Following decades of historical dispute and bloodshed over the identity of Kirkuk, the oil-rich city of northern Iraq, the province could become an autonomous region inside Iraq, despite ongoing legal and political obstacles. Successive Iraqi governments, as well as the Kurdistan Regional Government (KRG), have brought the city and its people to the brink of total ruin through their dissonance and mismanagement of the province, thus sparking renewed calls for autonomy.

Iraq’s permanent constitution of 2005 describes Kirkuk – home to Kurds, Arabs, Turkmen, Christians, and other minorities – as a disputed area under jurisdiction of the Iraqi federal government and the Kurdistan region, a federal region within Iraq.

According to Article 140 of the constitution, whether the city and its surrounding districts should be considered part of Iraq or only part of the Kurdistan region should have been decided by December 31, 2007. But political discord between Iraqi and Kurdish authorities has made the implementation of the Article nearly impossible so far.

“Many years of frustration followed, as a succession of Iraqi governments expressed support for Article 140 but, exploiting the vagueness of terms such as ‘normalization,’ ‘census,’ and ‘referendum,’ failed to implement it,” reads a December 2018 report by the International Crisis Group.

“The constitution’s December 2007 deadline for this process passed without significant progress. All the same, Baghdad’s weakness after 2003 allowed the Kurdish parties and their militias to exercise near-total political and security control over the disputed territories, Kirkuk included, for [14] years.”

“An Opportunity for Salvation”

Frustrated by waiting for the implementation of Article 140, a group of activists, public figures, and law experts from all areas of Kirkuk, who deemed themselves the Independent Committee for Making Kirkuk an Autonomous Region, announced a plan to turn the city into an autonomous region in December 2020.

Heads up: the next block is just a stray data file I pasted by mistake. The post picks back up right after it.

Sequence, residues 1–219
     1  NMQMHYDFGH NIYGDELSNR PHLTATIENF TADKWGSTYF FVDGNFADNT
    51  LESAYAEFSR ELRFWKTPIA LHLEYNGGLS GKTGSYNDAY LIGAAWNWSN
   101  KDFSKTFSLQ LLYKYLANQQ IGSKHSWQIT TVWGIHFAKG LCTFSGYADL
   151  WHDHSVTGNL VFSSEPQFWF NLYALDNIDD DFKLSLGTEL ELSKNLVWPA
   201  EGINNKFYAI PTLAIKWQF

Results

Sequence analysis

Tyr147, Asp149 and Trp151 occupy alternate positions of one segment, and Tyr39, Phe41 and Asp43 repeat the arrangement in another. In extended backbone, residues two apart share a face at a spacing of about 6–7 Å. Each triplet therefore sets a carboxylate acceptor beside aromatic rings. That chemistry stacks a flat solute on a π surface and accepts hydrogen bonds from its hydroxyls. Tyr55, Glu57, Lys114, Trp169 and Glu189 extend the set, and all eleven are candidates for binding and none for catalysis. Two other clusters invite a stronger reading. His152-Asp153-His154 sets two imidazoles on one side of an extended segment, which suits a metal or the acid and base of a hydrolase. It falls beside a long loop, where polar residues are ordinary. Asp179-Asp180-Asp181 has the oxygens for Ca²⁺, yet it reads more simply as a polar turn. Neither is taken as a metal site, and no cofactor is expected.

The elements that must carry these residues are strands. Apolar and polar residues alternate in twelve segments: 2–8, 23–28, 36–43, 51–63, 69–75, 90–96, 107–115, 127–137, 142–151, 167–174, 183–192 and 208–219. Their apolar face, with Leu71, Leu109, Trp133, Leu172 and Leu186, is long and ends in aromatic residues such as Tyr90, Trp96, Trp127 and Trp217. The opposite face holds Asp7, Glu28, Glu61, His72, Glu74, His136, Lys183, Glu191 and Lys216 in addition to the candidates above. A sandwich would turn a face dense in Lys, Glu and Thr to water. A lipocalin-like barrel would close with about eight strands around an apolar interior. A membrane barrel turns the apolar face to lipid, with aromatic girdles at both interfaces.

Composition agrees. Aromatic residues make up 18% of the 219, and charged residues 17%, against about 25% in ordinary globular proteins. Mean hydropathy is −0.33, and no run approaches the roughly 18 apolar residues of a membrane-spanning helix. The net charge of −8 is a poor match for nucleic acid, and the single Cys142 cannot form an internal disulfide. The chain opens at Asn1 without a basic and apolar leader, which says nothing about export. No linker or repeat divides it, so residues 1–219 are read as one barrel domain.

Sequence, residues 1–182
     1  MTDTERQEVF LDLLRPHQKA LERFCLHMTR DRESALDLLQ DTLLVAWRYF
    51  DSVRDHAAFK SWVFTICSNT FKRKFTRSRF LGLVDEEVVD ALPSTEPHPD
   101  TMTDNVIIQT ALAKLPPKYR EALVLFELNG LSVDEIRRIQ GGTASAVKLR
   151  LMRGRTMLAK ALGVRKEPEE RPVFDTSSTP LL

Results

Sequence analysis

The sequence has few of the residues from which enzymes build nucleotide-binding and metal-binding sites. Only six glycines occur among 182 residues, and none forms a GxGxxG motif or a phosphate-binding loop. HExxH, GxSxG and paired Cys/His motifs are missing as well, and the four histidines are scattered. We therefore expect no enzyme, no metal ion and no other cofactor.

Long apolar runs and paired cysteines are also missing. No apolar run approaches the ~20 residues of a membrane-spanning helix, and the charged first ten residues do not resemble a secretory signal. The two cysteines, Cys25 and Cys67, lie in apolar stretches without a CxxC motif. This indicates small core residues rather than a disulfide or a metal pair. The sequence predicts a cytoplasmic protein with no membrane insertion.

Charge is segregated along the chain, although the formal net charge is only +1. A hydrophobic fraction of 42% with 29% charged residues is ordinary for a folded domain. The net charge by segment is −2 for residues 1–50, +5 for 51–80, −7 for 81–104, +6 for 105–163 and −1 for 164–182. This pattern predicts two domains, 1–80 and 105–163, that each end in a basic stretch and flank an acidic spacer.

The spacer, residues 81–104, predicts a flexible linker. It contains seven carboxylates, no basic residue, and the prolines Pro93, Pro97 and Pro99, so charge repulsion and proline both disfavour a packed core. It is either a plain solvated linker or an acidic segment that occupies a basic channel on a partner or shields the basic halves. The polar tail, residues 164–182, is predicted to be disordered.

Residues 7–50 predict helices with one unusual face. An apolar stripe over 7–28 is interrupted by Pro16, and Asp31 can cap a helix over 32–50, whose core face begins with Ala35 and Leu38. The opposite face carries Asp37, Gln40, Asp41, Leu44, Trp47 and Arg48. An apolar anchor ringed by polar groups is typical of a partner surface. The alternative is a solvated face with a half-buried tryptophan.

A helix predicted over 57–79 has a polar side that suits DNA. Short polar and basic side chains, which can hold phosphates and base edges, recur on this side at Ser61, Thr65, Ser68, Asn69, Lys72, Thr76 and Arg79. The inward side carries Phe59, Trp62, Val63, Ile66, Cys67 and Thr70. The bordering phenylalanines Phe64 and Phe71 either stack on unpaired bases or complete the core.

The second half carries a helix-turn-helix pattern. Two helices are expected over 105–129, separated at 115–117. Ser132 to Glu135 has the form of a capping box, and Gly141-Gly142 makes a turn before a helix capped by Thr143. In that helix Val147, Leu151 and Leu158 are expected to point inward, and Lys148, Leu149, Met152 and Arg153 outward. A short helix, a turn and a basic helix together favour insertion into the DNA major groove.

Latif Fatih Faraj, journalist and board member of the committee, told Inside Arabia: “The plan for turning Kirkuk into an autonomous region according to Articles 116 and 119 of Iraq’s constitution is an opportunity for Kirkuk’s salvation from the current stalemate.”

“While it is rich in oil reserves, fertile agricultural lands, as well as historic locations, it has high unemployment rates and pollution issues.”

“Kirkuk lacks basic services and strategic projects. While it is rich in oil reserves, fertile agricultural lands, as well as historic locations, it has high unemployment rates and pollution issues,” Faraj added.

Articles 111-119 of the Iraqi constitution indicate how provinces can become autonomous regions within Iraq.

“One or more governorates shall have the right to organize into a region based on a request to be voted on in a referendum submitted in one of the following two methods: First, a request by one-third of the council members of each governorate intending to form a region. Second, a request by one-tenth of the voters in each of the governorates intending to form a region,” reads Article 119 of the constitution.

No Political Support

As soon as the committee announced their plan, the Kurdistan Democratic Party (KDP) and the Patriotic Union of Kurdistan (PUK) – the two main ruling parties in the Kurdistan region – rejected the move to make Kirkuk an autonomous region. Both parties still favor the implementation of Article 140, with a hope that one day the people of Kirkuk will unanimously vote to become part of the Kurdistan region.

The Turkmens, who previously worked with Turkey to establish Kirkuk as a “separate region,” no longer support this view, according to a recent report published by Kirkuknow. The Arabs are also against the plan for Kirkuk joining the autonomous region, citing they do not support “the separation” of Kirkuk.